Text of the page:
“We would have preferred a world where there are no wars, but we are alive to the reality that there are armed conflicts in different parts of the world. While we continue to plead with the warring parties to negotiate and find peaceful solutions to their conflicts, we accept the reality that conflicts do exist and that some of those involved in conflict will require arms.”

“We did not violate any law by selling weapons to Russia. I hope this puts an end to this storm in the teacup.”

But Ramaphosa chose to tread carefully on the matter. He clearly did not want to antagonise the Americans. His position, while it makes him look weak and meek, is understandable. He knows where his bread is buttered. The US is a big trading partner to South Africa. Russia, through the Soviet Union that collapsed with the Berlin Wall in 1989, may have historical ties to the ruling party but the economic benefits flowing into South Africa from Moscow pales into nothing compared to those coming from America and its allies in the European Union and United Kingdom.

The late Zimbabwean President Robert Mugabe tried to exert his independence and he paid a heavy price. His country suffered the worst economic sanctions from America and its western allies. The effect of those sanctions was the collapse of the Zimbabwean economy. The Zimbabwean currency collapsed. Hyper-inflation was expressed in millions. Millions of people were forced to flee from the country and became economic migrants in neighbouring countries, mainly South Africa. Others fled to Britain and the US.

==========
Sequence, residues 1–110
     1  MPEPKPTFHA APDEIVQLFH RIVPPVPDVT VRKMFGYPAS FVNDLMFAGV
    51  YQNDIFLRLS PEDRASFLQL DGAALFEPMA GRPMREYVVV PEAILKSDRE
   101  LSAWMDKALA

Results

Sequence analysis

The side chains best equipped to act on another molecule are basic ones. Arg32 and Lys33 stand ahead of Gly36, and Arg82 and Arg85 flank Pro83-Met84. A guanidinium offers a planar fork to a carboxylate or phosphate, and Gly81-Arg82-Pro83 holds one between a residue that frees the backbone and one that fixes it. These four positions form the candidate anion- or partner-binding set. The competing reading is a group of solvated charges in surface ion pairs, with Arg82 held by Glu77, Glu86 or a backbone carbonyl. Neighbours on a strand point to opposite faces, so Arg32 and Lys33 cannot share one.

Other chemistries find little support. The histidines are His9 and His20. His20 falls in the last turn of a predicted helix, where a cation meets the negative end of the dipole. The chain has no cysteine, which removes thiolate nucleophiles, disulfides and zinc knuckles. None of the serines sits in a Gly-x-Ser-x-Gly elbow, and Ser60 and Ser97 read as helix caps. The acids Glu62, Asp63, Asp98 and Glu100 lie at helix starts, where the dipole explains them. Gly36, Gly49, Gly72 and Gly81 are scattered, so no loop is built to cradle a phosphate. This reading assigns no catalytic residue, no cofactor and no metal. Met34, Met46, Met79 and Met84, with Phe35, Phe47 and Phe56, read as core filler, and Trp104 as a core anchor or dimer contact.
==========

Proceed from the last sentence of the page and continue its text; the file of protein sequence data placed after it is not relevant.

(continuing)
It is clear that the US is forcing South Africa to choose. It is the dogma of former US president George Bush. “You are either with us or against us.” There is no middle ground.

The diplomatic exchange between Pretoria and Washington over the alleged sale of weapons is symptomatic of the tensions that have been bumbling under the surface. The US does not approve that South Africa is part of BRICS. If BRICS could succeed to drop the US dollar as a trading currency, that will mark the end of the US as a dominant global economic player. The US status as a super-power will be history. Obviously, this has to be avoided from the US point of view.